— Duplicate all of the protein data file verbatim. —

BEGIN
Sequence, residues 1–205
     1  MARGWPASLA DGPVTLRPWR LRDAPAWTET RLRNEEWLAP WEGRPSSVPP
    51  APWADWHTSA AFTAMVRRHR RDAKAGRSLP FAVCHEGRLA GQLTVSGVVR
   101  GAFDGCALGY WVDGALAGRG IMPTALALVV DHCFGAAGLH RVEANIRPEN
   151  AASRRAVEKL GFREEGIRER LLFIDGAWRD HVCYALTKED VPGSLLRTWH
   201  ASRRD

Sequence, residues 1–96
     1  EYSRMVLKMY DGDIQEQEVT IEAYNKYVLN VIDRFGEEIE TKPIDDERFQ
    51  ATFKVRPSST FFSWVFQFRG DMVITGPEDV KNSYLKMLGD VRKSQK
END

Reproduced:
Sequence, residues 1–205
     1  MARGWPASLA DGPVTLRPWR LRDAPAWTET RLRNEEWLAP WEGRPSSVPP
    51  APWADWHTSA AFTAMVRRHR RDAKAGRSLP FAVCHEGRLA GQLTVSGVVR
   101  GAFDGCALGY WVDGALAGRG IMPTALALVV DHCFGAAGLH RVEANIRPEN
   151  AASRRAVEKL GFREEGIRER LLFIDGAWRD HVCYALTKED VPGSLLRTWH
   201  ASRRD

Sequence, residues 1–96
     1  EYSRMVLKMY DGDIQEQEVT IEAYNKYVLN VIDRFGEEIE TKPIDDERFQ
    51  ATFKVRPSST FFSWVFQFRG DMVITGPEDV KNSYLKMLGD VRKSQK